25. Causation of mono-transitive.Cont. On the other hand, if the cause is agentive in function, it becomes an oblique object and is marked by the instrumental postposition ‘se/diyaa’as- Nokar gaach kaaT-l-ak Servant tree cut ‘The servant cut the tree’ Maalik nokar se/*ke gaachhiyaa kaT-ai-l-ak Master servant by tree got cut ‘The master got the tree cut by the servant’ Maalik manejar se nokar diyaa gaachhiyaa kaT-bau-l-ak. Master manejar by servant through tree got –cut ‘The master got the manejar cut the tree through the servant.’ Deepak

  26. Causation of mono-transitive.Cont. But a handful of transitive verb such as paR ‘to read’,khaa ‘to eat’,chikh ‘to teast ’ permit their causes to be marked by either the accusastive –dative postposition ‘ke’or the instrumantal postposition ‘se/diyaa’ ram choRaa ke kitaab paR-bau-l-ak. Ram boy DAT book taught ‘Ram got the boy taught the book (by sb)’ ram choRaa se kitaab paR-bau-l-ak. Ram boy by book read ‘Ram got the boy read the book’ Deepak

  27. Causation of mono-transitive.Cont. But these two type of sentences differ in meaning. Using the accusative-dative postposition allows the cause to described as the ‘beneficiary’ of the action.while the use of the instrumental postposition allows the cause to described as the ‘instrument’ of the action. Deepak

  28. Causative of Ditransitives The sub of the non transitive sentence with both indirect objs become an oblique obj in the corresponding causative construction to avoid doubling on indirect and direct obj,as it were. The oblique obj is marked by the instrumental postposition ‘se/diyaa or haathe’ as- Bantiyaa santiyaa ke chiTThii likha-l-ak. Banti santi DAT letter wrote ‘Banti wrote a letter to santi’ Bantiyaa mohan se santiyaa ke chiTThii likha-ai-l-ak/likha-bau-l-ak. Banti Mohan by santi DAT letter got-written ‘Banti got Mohan write a letter to Santi’ Baabaa bantiyaa se santiyaa diyaa/haathe raam ke chiTthii di-bau-l-an. Baba Banti by santi through Ram DAT letter cause gave ‘Baba got Banti send a letter to Ram through santi’ Deepak

  29. Syantactic Subclass While describing the process of causativisation in Hindi,Yamuna kachru(1976) divided the verbs in to four syantactic sub classes.I used that in my paper because it is applicable in Magahi. The derivation can be shown as below: 1) Vi kaT Vt kaaT Vcaus kaT-aa/kaT-baa 2) Vt khaa V khi-aa Vcaus khi-baa 3) Vt kar Vcaus kar-aa Vcaus kar-baa 4)Vdouble de Vcaus di-aa Vcaus di-baa Deepak

  30. Syantactic Subclass….Cont. • In case of the verbs of the3-d and the 4th classes, the second level of derivation does not imply the addition of any ‘extra agent’ to the verbal case frame .e.g (kar-aa= kar-baa and di-aa= di-baa) Deepak

  31. Conclusion The analysis of causative construction in Magahi brings out following basic conclusion • The most common morphological marker for causative is a suffix –baa but there is also variations with the suffix –aa (it shows the transitive and the double transitive verbs derived from the basic intransitive verbs and also causation). • I attempted to show that this variation is semantically explained and this distinction is not available to all the verbs Deepak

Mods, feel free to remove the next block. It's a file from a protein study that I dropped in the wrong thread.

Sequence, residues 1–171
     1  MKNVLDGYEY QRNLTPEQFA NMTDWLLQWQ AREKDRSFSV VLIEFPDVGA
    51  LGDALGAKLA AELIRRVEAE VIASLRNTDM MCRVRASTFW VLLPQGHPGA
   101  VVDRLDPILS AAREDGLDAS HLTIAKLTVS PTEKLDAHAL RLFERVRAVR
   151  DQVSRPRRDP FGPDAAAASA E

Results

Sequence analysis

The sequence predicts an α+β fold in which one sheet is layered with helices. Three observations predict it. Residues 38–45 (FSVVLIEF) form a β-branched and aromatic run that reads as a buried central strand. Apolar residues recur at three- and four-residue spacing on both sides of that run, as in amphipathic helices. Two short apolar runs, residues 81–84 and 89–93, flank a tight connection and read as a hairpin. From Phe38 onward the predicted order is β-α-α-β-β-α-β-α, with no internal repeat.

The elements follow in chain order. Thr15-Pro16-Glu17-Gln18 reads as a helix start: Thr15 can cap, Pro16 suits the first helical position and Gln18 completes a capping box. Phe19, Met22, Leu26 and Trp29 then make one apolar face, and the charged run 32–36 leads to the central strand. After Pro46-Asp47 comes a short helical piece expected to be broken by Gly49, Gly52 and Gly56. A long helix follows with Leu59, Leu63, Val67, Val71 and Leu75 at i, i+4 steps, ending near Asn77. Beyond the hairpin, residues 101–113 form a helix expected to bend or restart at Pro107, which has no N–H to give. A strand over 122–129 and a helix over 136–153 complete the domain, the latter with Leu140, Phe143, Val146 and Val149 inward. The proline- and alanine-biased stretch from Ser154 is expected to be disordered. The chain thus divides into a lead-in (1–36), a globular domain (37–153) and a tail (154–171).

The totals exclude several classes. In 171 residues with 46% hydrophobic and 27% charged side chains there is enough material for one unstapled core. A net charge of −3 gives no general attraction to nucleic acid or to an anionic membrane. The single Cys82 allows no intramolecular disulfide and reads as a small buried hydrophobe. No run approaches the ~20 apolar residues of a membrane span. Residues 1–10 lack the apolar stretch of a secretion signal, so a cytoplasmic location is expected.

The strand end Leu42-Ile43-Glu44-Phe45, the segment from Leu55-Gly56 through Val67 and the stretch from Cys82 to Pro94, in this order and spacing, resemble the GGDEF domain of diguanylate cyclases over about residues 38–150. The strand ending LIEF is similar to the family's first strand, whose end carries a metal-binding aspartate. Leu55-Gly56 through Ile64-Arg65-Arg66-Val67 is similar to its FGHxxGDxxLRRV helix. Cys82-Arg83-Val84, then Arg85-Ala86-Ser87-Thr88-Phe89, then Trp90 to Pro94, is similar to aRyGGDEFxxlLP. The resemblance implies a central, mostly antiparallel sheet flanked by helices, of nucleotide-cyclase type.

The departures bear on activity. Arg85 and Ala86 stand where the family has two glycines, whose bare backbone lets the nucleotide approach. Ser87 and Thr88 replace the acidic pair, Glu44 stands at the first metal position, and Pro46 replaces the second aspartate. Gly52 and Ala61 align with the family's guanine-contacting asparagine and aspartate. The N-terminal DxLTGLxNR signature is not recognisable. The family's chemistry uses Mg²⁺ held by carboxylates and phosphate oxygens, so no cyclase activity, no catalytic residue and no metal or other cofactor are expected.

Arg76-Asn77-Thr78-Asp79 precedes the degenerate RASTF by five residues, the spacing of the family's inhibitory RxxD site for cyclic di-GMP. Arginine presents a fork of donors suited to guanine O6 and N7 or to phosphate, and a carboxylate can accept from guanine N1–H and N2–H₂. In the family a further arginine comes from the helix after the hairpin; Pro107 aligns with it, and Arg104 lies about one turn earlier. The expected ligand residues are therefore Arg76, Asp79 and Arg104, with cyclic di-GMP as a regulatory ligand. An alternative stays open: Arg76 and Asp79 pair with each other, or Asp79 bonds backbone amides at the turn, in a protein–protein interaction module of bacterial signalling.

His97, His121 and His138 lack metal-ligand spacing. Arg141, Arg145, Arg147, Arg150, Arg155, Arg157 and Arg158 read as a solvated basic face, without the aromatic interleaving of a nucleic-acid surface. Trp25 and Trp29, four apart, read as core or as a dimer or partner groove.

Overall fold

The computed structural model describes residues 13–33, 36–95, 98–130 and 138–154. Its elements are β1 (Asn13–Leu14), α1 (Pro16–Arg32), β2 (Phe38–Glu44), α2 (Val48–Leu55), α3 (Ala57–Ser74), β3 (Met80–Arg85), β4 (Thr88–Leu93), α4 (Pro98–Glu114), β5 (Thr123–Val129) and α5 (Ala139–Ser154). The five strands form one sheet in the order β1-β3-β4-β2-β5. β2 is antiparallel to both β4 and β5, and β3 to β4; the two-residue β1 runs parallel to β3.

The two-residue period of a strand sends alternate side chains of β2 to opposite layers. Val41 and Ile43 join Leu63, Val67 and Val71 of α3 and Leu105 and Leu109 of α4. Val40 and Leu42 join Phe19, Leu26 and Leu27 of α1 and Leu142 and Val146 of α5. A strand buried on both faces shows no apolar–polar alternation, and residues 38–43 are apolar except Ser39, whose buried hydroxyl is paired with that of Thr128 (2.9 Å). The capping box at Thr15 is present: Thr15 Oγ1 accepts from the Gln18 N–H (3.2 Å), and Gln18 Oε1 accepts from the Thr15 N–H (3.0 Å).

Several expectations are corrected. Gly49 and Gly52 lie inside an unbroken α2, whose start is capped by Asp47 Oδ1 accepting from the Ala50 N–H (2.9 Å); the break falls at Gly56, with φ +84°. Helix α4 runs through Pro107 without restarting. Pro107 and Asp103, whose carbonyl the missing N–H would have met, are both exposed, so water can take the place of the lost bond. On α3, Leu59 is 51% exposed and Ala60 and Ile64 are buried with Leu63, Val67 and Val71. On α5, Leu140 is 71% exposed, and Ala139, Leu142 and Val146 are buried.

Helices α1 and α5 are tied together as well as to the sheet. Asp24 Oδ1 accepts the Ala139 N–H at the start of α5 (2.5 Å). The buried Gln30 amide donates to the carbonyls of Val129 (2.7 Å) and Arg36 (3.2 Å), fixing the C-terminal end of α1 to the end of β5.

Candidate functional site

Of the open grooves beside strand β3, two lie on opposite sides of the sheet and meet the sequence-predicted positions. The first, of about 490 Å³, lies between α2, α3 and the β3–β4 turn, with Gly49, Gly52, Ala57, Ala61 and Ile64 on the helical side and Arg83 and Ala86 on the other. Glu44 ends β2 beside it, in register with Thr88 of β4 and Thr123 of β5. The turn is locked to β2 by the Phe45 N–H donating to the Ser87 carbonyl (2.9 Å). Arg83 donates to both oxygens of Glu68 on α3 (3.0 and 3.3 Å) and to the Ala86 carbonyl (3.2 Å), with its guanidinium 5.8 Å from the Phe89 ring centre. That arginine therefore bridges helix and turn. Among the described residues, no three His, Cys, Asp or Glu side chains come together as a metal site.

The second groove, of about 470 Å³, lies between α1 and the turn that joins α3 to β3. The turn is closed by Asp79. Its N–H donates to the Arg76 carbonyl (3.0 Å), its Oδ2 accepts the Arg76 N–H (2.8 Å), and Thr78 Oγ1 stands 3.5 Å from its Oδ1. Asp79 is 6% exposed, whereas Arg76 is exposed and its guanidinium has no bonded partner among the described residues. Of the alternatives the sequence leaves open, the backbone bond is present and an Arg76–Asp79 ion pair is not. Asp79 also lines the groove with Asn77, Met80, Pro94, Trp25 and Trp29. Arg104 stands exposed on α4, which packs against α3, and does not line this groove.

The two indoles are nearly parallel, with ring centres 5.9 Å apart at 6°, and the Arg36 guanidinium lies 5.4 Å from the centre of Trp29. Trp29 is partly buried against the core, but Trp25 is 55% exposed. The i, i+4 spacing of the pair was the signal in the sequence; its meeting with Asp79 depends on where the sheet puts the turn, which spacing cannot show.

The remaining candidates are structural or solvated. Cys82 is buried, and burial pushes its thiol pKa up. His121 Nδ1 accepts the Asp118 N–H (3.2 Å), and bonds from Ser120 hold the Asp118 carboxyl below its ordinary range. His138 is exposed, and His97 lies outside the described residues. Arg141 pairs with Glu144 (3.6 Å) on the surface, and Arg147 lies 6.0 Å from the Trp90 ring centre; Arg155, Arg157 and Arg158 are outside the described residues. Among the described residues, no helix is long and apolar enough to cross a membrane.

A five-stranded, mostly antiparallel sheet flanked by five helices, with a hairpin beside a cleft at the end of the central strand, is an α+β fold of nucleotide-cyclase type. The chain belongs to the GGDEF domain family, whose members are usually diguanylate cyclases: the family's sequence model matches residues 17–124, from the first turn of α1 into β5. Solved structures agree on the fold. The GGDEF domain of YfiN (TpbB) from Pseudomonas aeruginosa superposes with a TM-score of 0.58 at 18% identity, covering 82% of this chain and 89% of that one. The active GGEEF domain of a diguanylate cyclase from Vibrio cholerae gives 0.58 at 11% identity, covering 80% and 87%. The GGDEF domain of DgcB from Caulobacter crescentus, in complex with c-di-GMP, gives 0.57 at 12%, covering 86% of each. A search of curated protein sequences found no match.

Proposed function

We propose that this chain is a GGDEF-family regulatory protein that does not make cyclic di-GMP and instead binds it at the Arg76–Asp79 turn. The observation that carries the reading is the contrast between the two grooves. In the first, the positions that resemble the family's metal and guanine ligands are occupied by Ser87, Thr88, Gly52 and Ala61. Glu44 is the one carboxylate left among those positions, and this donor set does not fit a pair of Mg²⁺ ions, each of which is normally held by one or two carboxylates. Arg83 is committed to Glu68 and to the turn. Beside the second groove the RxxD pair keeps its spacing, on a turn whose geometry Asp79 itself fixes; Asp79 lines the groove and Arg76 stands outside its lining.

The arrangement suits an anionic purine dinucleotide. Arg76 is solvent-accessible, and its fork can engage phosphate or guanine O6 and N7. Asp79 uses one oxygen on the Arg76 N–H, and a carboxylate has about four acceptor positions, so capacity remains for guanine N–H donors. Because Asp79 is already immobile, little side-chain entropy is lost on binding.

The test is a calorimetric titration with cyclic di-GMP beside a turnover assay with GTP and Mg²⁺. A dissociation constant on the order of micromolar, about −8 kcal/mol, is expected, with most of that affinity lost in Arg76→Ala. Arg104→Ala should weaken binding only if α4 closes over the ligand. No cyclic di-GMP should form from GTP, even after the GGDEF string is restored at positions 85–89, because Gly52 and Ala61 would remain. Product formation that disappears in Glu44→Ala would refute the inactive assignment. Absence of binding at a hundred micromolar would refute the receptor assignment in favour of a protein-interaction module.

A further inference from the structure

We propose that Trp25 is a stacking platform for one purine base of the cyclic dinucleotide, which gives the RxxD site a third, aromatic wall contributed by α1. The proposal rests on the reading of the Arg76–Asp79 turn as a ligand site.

32. Conclusion • I also attempted that when the action affects the causer himself the causative form of the verb is optional whereas it is obligatory in the case where action affects the other • In this paper I attempted also the properties of various arguments in causative construction in Magahi. Deepak

  33. References • Amritavalli.R. (2001). Morphological Causatives. UTAH and Monoclausality. Linguistic Structure and Language Dynamics in South Asia, Papers from the Proceedings of SALA XIII Roundtable.Delhi: Motilal Banarsidass. PP. 389-398. • Kachru, Yamuna (1973), Causative Sentences in Hindi Revisited. In Braj Kachru et al. (eds.), Issues in Linguistics. Papers in Honour of Henry and Renee kahance. 377-393. Urbana: University of Illinois Press. • Tripathi, Saroj (1993). “ Hindi aur Magahi Ki Vyakarnik Sanrachana” “Chandra Prakashan, Mauri, Patna, Bihar.” Deepak

  34. References • Kachru, Yamuna (1976). On the Semantics of the Causative Construction in Hindi-Urdu. In masayoshi Shibatani (ed.). Syntax and Semantics 6: The Grammar of Causative Constructions, 353-369. New York: Academic Press. • The Grammar of Causative Constructions: A conspectus MASAYOSHI SHIBATANI “University of Southern California” • Kachru, Yamuna .“Hindi” “ University of Illinois at Urbana-Champaign” • Yadav, Ramawatar . “ A Reference Grammar of Maithili” Deepak

  35. THANK YOU Deepak